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Travelling to “The Future”. Initial results of the Dublin RCT will be released in the next few days.

Written by and Sue Bolshaw | Last Updated 22 March 2017

Travelling to “The Future”. Initial results of the Dublin RCT will be released in the next few days. I’ll let everyone know as soon as I am able to. Strangely the results are not being announced in Ireland but on mainland Europe.

This will be a small step towards getting where we need to be and a huge step towards a brave new world in smoking cessation.

In case you didn’t see them – here are my notes from last week regarding the ups and downs of conducting a Randomised Controlled Trial (RCT):


Hi All,

I am delighted to say that the initial results of the Dublin, Ireland RCT will soon be available (in the next week or two). In the first instance only the 1 month and 3 months success rate will be announced (data for 6 and 12 months success rates is still being processed).

Although we don’t know the results at this stage I think it is timely to communicate a little about our experiences of planning and (at last) implementing RCTs over the last 15-20 years.

It’s become increasingly apparent how detached from reality RCT success rate results are and there are many reasons why we should perhaps be prepared to recalibrate our expectations in advance of the results of the Dublin RCT and, in a couple of years, the London RCT.

As soon as I have the results, of course I will forward them to you – in the meantime please prepare yourself for (I hope) great news.

What is a good success rate for Allen Carr’s Easyway to Stop Smoking in a Randomised Controlled Trial (RCT)?

Based on the 3-month money back guarantee offered at our stop smoking centres the success rate is over 90%. Independent scientific studies published in peer reviewed journals indicate that even after 12 months the success rate is over 50% – a result which is unprecedented in the field of smoking cessation.

So, what would a good success rate be in an RCT that compares the effectiveness of Allen Carr’s Easyway to Stop Smoking method to that of another method such as a national stop smoking service that uses nicotine products?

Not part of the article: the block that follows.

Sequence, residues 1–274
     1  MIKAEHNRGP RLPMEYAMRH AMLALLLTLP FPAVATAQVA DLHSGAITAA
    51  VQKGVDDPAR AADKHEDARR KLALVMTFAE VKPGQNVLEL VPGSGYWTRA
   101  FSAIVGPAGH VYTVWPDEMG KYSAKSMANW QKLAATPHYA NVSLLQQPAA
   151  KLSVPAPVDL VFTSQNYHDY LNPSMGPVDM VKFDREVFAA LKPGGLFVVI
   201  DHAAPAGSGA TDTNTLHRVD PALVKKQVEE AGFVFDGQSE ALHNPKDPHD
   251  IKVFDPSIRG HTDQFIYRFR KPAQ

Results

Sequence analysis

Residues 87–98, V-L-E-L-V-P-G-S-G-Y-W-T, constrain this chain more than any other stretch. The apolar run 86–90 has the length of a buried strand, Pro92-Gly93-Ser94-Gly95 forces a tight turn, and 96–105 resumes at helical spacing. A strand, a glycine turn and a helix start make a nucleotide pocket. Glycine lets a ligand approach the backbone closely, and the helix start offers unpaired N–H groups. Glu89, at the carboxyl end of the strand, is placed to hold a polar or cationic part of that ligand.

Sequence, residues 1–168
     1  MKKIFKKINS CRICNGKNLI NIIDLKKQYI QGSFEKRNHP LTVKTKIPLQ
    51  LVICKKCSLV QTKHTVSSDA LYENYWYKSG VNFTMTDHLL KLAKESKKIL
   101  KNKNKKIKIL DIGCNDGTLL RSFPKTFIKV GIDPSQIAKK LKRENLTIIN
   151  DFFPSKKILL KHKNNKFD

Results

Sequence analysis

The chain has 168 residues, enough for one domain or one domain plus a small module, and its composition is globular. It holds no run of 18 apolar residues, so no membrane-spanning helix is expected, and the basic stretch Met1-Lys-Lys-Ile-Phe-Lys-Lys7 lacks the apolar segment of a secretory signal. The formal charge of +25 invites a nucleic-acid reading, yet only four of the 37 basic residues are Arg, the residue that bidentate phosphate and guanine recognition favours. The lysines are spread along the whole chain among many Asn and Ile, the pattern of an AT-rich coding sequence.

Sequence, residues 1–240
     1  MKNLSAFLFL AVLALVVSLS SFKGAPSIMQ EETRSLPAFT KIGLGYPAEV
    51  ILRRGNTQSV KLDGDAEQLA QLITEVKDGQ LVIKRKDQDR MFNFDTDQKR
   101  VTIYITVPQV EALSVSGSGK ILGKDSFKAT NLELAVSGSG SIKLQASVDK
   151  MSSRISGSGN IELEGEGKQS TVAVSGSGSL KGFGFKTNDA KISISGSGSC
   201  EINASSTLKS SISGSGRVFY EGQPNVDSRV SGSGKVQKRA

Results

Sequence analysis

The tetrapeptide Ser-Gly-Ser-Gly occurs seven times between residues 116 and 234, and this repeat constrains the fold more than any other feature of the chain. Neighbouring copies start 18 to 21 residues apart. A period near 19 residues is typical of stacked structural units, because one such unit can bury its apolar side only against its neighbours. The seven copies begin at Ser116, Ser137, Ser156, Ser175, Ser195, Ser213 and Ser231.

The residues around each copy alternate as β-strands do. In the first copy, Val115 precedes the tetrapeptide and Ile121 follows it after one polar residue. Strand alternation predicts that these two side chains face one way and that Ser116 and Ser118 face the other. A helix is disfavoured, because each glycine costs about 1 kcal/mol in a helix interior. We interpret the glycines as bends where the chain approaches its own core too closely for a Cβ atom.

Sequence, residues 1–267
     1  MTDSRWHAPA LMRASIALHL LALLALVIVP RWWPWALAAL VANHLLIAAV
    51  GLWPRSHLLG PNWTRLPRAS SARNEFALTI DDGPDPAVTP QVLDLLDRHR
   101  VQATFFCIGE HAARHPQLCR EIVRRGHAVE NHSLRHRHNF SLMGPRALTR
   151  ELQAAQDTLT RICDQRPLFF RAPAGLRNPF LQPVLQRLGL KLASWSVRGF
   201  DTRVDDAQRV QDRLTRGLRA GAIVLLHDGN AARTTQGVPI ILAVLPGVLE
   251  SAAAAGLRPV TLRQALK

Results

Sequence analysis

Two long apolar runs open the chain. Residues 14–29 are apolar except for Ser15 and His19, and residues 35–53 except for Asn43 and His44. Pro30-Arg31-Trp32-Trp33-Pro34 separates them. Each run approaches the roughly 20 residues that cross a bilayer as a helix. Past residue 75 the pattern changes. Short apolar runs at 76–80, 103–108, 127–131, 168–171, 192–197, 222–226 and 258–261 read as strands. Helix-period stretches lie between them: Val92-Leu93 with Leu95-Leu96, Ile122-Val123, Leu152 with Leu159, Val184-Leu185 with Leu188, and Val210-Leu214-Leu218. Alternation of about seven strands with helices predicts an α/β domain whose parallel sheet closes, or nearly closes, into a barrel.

Would it surprise you to know that a 7.5% success rate could be good? Or that a 10% success rate could be great? Or that a 15% success rate might be truly historic in the field of smoking cessation?

How can that be?

The important result in an RCT isn’t really how high the success rate is, but how much better the success rate is compared to the other method in the trial.
There are lots of reasons why the headline success rate in an RCT is certain to be much lower than the success rate of Allen Carr’s Easyway to Stop Smoking method in the real world.

For example, under the rules of the RCT, a smoker who signs up for the study, is allocated to a treatment, but then doesn’t bother to turn up and receive the treatment is classed as having failed to stop smoking with the treatment. Bizarre but true.

Furthermore, in the real world when a smoker attends one of our seminars and successfully stops smoking they don’t need to come back, they just get on with enjoying their smoke-free life. However, in the RCT they need to attend a follow up test to prove that they are a non-smoker and if they forget or simply can’t be bothered, they are deemed a smoker.